A novel gene called rumi regulates Notch signaling by adding a glucose molecule to the part of the Notch protein that extends outside a cell, said researchers from Baylor College of Medicine in Houston and Stony Brook University in New York in a report that appears January 27 in the journal Cell.
Cellular signaling governed by the Notch protein determines cell fate determination and differentiation.
The complete loss of rumi causes a temperature-dependent defect in Notch signaling, an unusual phenomenon said Dr. Hugo Bellen, professor of molecular and human genetics at BCM and director of the program in developmental biology. He is also a Howard Hughes Medical Institute investigator.
Bellen and his colleagues discovered the gene's effect on bristles in the fruit fly. These bristles are external sensory organs that can be easily screened for changes involved in Notch signaling. Indeed, loss of Notch signaling causes loss of these external sensory organs. Fruit flies that lack the rumi protein have a higher than normal density of bristles on the thorax, indicating a subtle loss of Notch activity. However, at 25 degrees C, the bristles are lost, which suggests a severe loss of Notch signaling.
"The activity of the Notch receptor needs to be inactivated in one cell to allow it to become different from the other daughter cell, and this process is used reiteratively in many consecutive cell divisions. For example, if Notch is activated inappropriately in cells of the blood lineage, it will cause leukemia in humans," said Bellen.
"It is also a key gene to specify neurons in the peripheral and central nervous system," said Bellen. When embryos lack a functional Notch protein, they have far too many neurons. The same phenomenon can be observed in rumi mutant embryos.
In animals with mutated rumi, the Notch protein accumulates in the membrane and fails to become activated. Similarities between rumi and some sugar-modifying enzymes involved in a particular process in the yeast Cryptococcus neoformans prompted Bellen to ask if loss of rumi affects the manner in which glucose molecules are added to the Notch protein.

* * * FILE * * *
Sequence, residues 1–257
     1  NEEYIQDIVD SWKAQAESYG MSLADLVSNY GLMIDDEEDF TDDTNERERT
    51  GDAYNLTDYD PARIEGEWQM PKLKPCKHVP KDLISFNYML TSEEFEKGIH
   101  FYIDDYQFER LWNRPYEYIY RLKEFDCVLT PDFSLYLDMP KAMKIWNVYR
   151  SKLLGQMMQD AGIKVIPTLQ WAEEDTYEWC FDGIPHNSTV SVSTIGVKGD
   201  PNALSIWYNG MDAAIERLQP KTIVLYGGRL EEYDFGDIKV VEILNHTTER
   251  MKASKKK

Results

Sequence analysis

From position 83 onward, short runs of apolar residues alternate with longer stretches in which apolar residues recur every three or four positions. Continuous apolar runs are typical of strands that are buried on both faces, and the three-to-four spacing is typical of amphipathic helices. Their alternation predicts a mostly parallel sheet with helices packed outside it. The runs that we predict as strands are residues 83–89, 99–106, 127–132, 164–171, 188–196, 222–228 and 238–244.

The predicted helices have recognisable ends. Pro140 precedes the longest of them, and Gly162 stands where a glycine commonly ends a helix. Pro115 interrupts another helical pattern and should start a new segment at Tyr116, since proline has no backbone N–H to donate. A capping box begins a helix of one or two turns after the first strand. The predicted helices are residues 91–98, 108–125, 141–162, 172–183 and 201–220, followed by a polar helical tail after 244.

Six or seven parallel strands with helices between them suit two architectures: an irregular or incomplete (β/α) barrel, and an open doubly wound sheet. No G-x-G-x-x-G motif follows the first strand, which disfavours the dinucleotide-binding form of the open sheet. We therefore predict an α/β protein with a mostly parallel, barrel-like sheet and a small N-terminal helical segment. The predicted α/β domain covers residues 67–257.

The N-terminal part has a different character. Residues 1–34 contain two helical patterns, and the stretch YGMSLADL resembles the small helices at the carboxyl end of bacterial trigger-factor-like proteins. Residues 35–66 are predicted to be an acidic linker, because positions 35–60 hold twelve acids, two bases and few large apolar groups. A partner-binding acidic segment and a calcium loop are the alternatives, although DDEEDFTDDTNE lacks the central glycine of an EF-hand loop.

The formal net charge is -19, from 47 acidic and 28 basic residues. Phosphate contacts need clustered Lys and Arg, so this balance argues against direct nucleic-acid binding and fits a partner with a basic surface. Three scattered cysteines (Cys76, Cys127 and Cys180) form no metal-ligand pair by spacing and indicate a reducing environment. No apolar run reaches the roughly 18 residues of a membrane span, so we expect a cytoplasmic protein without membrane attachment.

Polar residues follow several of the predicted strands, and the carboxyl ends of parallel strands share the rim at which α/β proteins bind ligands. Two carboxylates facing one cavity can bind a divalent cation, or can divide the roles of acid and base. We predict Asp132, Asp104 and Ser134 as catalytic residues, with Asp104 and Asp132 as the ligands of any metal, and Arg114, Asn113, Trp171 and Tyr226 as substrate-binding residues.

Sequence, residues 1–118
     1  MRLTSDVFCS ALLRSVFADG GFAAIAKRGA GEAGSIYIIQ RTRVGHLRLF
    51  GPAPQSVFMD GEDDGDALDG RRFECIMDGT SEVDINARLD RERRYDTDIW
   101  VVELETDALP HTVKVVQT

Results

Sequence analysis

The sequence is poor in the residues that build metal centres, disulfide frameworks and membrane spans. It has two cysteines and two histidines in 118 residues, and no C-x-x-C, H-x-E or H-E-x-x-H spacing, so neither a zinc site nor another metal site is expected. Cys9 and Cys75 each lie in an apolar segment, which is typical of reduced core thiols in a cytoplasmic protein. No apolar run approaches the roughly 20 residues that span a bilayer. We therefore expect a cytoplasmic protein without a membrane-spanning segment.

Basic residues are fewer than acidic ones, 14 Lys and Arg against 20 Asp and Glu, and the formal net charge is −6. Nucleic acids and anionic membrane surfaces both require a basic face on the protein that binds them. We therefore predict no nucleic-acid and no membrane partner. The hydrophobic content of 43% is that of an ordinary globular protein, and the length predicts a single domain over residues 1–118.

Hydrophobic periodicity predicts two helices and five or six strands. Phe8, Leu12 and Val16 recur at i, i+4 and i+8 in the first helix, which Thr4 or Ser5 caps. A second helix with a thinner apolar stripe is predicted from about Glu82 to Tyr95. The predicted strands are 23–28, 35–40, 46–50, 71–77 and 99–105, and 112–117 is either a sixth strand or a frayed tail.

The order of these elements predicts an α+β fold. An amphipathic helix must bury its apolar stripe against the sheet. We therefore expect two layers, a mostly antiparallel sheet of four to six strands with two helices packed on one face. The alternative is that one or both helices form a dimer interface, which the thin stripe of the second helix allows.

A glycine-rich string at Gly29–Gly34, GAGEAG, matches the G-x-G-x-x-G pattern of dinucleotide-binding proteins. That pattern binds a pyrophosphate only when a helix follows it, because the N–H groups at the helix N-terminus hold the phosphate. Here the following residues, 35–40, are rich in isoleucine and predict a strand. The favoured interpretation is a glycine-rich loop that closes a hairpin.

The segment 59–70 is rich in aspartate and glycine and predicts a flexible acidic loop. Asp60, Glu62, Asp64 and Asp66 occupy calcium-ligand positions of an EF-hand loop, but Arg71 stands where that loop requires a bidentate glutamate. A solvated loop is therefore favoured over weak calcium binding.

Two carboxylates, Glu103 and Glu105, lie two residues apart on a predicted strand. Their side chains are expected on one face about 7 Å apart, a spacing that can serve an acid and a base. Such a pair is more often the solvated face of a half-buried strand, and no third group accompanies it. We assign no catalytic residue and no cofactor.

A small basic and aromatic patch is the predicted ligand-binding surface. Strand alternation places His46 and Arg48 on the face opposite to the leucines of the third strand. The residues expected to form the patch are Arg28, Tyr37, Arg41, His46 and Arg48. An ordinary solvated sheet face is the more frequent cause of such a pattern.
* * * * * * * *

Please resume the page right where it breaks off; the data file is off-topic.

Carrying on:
He and his colleagues found that some sugars are not added to the Notch protein in rumi-mutant animals. This finding led to further experiments that demonstrated that the protein associated with rumi is a type of enzyme called an O-glycosyltransferase.
The Notch protein crosses the cellular membrane, with part inside the cell and part outside. The outer portion of Notch contains amino acid repeats that are similar to epidermal growth factor. Rumi is involved in adding a sugar to certain areas of these repeats.
Bellen said, "The sugars play a crucial role to ensure that Notch is folded properly and that it can be cleaved at the cell membrane. If cleavage does not occur, there is no Notch signaling. Rumi is the first protein identified that can transfer glucose to proteins directly."
Others who took part in this work include Melih Acar, Hamed Jafar-Nejad, Akhila Rajan, Dafina Ibrani, Hongling Pan of BCM and Hideyuki Takeuchi, Nadia A. Rana and Robert S. Haltiwanger of Stony Brook University, New York.
Funding for this work comes from the National Institutes of Health, the Astellas Foundation for Research on Metabolic Disorders and the Howard Hughes Medical Institute.
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